Recap: Rain Didn’t Damper First Day SKOOKUM Festival Spirits


The inaugural SKOOKUM Festival launched Friday afternoon in Vancouver’s Stanley Park. We arrived shortly before 5pm and lineups getting into the venue were minimal. Only three of the four stages were active on the first day. The main Skyline Stage with it’s Vancouver cityscape backdrop is only being used on Saturday and Sunday. Walking around the grounds it’s easy to see that there will be good vantage points for anyone there to see headliners The Killers or Florence and The Machine

Grass around the main stage and the food and beverage area was brown and would have made a lot of dust if the festival had launched last week, but with showers in the forecast, it was not an issue.

An early wrinkle reported by friends that attended the first day was that the line to buy beer took half-an-hour at one point. Beverage options ranged from $8 to $10 and selection ranged from Okanagan Springs, craft beers and spirits.

Another observation about the festival grounds I made was that the single entrances to the Mountain Stage and Forest Stage Areas had a bit of a bottleneck effect. While they were plenty wide for people to get through, they were the only points of entry/exit and resulted in slowdown in the flow of foot traffic.

SKOOKUM Festival continues today and tomorrow. Passes are still available at

Victoria’s Current Swell will be the first band to perform the Skyline Main Stage today (Saturday September 8) at 3:45pm.

Below is our quick photo highlight recap of Day 1 of SKOOKUM Festival. A full photo gallery of the day will be posted at the Victoria Music Scene Facebook Page in the coming days.

Little Crow kicked off the festival on the Forest Stage, but we were unable to cover them due to procedures we had to follow in order to cover the opener of the Mountain Stage.

Shortly before the first act at the Mountain Stage hit the stage a representative of the local First Nations welcomed festival goers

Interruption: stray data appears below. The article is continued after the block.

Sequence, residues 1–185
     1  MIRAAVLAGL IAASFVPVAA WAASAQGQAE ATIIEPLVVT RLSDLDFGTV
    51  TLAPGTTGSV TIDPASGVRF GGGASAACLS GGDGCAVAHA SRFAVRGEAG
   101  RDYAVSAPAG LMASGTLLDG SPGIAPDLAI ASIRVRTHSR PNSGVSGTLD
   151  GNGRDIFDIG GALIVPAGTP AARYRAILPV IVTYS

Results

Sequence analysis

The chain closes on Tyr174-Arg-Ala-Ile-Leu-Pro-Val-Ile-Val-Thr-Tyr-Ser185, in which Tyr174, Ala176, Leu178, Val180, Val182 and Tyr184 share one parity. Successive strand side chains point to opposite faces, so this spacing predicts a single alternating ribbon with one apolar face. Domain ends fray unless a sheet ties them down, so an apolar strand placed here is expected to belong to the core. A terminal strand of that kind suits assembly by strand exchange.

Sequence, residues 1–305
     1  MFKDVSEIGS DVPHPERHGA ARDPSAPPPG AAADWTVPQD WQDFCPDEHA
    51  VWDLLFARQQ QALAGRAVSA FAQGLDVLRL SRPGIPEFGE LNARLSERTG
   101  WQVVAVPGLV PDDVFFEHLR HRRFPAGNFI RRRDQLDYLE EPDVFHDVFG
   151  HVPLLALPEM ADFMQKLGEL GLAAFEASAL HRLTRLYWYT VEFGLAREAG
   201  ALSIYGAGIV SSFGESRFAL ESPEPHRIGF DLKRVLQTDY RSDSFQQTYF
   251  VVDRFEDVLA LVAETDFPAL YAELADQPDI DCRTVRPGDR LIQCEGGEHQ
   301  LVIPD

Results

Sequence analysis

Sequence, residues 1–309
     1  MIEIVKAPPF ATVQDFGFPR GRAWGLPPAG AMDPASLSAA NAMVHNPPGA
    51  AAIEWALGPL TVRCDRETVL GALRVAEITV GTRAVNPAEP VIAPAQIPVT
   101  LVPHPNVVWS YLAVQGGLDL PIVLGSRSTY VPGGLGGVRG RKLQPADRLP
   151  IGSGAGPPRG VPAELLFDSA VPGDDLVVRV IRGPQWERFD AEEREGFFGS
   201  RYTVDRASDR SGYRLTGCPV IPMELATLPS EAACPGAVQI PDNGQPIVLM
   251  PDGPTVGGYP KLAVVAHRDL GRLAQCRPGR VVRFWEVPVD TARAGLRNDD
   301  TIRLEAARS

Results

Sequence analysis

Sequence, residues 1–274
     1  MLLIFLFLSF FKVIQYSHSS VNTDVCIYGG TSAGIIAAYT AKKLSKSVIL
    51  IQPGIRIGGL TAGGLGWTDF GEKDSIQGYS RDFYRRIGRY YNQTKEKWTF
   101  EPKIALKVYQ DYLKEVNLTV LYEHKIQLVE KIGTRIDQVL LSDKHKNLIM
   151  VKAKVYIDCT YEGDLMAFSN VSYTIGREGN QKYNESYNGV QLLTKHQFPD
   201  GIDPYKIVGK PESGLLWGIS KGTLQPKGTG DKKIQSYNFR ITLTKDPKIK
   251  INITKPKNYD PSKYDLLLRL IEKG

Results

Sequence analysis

Fernie’s Shred Kelly hit the stage to a nice sized crowd as early sprinkles of rain began to fall.

Toronto’s The Julian Taylor Band took to the Forest Stage and brought some funk and soul just as a short period of heavy rain fell on the park.

Vancouver’s Delhi 2 Dublin had the audience dancing to drive the rain away.

Vancouver’s Little Destroyer were up next at the Forest Stage performing a high energy set.

Vancouver’s Dear Rouge took the stage to a raucous hometown crowd at the Mountain Stage.

Between sets at the Forest Stage, a Local First Nations group performed traditional dances in front of the stage.

Toronto/Austin’s Black Pistol Fire were by far the photographer favourites of the day performing a super high energy set with tons of emotion and jumping around the Forest Stage.

Chromeo brought their electro-funk to the Mountain Stage with silver/mirrored stage elements and the massive Mountain Stage crowd were loving it albeit after about a 10 minute delay.

While the slight sound bleed from Chromeo’s danceable hits flowed through the grounds due to the close proximity of the stages, Matt Mays performed some good ol’ Canadian rock n’ roll at the Forest Stage and even came out into the crowd singing on a person’s shoulder’s according to one report.

Hamilton, Ontario’s Arkells headlined day 1 of the festival to a jam packed Mountain Stage crowd. Lead singer Max Kerman was a ball of energy bounding around the stage adorned with a tassled jacket. During the first song he jumped down to the security barrier to get closer to fans at the front. During their second song they also brought an audience member on stage to play guitar

Mob Bounce also performed and were the only act to perform the Meadow Stage, but due to timing constraints, we were unable to cover their set.